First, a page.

This post was created in collaboration with the Minnesota Journalism Center.
Coronavirus — also known as COVID-19 — has taken the global media world by storm. Over 2,000 have died and more than 79,000 are infected globally. The World Health Organization has been criticized for not declaring a public health emergency earlier than they did, but doctors including Dr. Emily Landon at the University of Chicago are saying that “people shouldn’t panic.”
In cases of public health epidemics, whether people panic depends in part on how journalists cover the issue and which experts they cite. Journalists tend to quote official sources like government officials and public health officials to inform the public about outbreaks of illness including influenza, swine flu, Zika, Ebola, and more recently, coronavirus. Being quoted in news articles gives public health officials the opportunity to share their expertise on said topics to help inform readers about how to protect themselves and avoid infection. From a sociological perspective, focusing on the spread of information about pandemics and infectious diseases provides opportunities for scholars to comment on evolving social structures and processes in a way that will influence the biomedical sciences’ public and policy agenda.
- Mark Davis and Davina Lohm. 2020. Pandemics, Publics, and Narrative. Oxford University Press.
- Robert Dingwall, Lily M. Hoffman, and Karen Staniland. 2013. “Introduction: Why a Sociology of Pandemics?” Sociology of Health & Illness 35(2): 167–173.
- Mark Davis, Davina Lohm, Paul Flowers, Emily Waller, and Niamh Stephenson. 2014. “We Became Sceptics”: Fear and Media Hype in General Public Narrative on the Advent of Pandemic Influenza.” Sociological Inquiry 84(4): 499–518.
As epidemiologist Adam Kucharski wrote in The Guardian, “stories sparking fear seem to have overtaken the outbreak in real life” and misinformation (a topic The Society Pages has written about here) seems to be more contagious than the virus itself. The “need for speed” in publishing journalistic updates about the virus as well as scholarly work has resulted in several retractions, including the retraction of a preprint of a scholarly paper after its analysis was found to be faulty.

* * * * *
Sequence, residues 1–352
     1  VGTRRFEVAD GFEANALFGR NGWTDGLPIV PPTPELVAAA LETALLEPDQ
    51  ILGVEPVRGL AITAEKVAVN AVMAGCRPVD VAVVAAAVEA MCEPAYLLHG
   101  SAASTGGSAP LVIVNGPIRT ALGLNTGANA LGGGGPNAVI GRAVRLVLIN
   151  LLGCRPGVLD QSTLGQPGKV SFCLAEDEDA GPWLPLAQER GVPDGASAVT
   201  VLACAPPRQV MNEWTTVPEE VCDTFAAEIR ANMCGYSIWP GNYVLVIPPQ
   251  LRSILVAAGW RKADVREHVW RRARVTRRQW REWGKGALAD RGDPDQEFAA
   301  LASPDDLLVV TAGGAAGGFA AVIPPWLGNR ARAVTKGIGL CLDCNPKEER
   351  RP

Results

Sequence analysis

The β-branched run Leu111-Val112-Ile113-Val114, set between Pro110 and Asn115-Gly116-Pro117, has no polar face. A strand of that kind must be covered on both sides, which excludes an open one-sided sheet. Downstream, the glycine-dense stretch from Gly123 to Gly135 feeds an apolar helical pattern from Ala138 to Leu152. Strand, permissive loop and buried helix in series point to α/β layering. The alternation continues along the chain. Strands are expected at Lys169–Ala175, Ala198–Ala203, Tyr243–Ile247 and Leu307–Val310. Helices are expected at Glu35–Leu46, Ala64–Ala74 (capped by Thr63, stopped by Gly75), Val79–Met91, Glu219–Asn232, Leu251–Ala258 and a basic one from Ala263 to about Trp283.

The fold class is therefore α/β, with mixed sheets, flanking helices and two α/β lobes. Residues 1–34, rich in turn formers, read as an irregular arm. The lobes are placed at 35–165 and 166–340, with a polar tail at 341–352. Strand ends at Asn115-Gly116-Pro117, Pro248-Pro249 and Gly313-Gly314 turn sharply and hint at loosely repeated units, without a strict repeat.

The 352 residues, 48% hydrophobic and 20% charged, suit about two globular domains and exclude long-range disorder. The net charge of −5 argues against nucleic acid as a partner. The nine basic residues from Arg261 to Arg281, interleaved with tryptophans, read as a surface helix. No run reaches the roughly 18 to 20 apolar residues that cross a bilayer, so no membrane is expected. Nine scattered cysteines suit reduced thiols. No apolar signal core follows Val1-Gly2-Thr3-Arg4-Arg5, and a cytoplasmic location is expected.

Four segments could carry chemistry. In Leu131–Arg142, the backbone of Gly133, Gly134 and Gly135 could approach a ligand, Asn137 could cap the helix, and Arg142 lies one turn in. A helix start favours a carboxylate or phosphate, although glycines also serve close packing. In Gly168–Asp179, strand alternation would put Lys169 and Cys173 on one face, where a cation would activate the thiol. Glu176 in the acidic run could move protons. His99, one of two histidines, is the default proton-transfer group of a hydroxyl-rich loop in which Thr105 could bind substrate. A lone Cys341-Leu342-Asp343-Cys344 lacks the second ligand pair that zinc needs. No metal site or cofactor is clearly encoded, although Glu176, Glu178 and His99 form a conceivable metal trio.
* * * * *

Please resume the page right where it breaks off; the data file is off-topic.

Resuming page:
Further, the spread of information — and misinformation, including conspiracy theories — about health crises often occurs on social media platforms including Twitter and Instagram. Scholars found that false information spread especially quickly during Ebola outbreaks in West Africa and in the Zika outbreak in Brazil, which led to the formation of counterproductive policies passed by public health officials who struggled to combat false claims. In recent years, Instagram was found to be the most effective platform for health organizations including Centers for Disease Control, the World Health Organization, and Doctors without Borders to engage followers during global health crises.
- John M. Carey, Victoria Chi, D. J. Flynn, Brendan Nyhan, and Thomas Zeitzoff. 2020. “The Effects of Corrective Information about Disease Epidemics and Outbreaks: Evidence from Zika and Yellow Fever in Brazil.” Science Advances 6(5).
- Jeanine P.D. Guidrya, Yan Jin, Caroline A.Orr, Marcus Messner, and Shana Meganck. 2017. “Ebola on Instagram and Twitter: How Health Organizations Address the Health Crisis in their Social Media Engagement.” Public Relations Review 43(3): 477–486.
- Anthony Stefanidis, Emily Vraga, Georgios Lamprianidis, Jacek Radzikowski, Paul L Delamater, Kathryn H Jacobsen, Dieter Pfoser, Arie Croitoru, and Andrew Crooks. 2017. “Zika in Twitter: Temporal Variations of Locations, Actors, and Concepts.” JMIR Public Health and Surveillance 3(2).
Scholars, including Dr. Anita Varma, recently published five tips for journalists on covering coronavirus. These include paying attention to the frames used and including quotes from official sources like government officials as well as the people directly affected by the health concern. Dr. Karin Wahl-Jorgensen published an article on the role that fear plays in narratives about public health crises. The bottom line is: The way stories are told matters and affects the management of pandemics and policy responses.
- Alessio Cornia, Marina Ghersetti, Paolo Mancini, and Tomas Odén. 2016. “The Partisans, the Technocrats and the Watchdogs.” Journalism Studies 17(8): 1030–1050.
- Chi Kit Chan. 2016. “Defining Health Risk by Media Template: Hong Kong’s News Discourse of the Swine Flu Pandemic.” Journalism 17(8): 1018–1036.
- Peter Ruigrok and Nel Vasterman. 2013. “Pandemic Alarm in the Dutch Media: Media Coverage of the 2009 Influenza A (H1N1) Pandemic and the Role of the Expert Sources.” European Journal of Communication.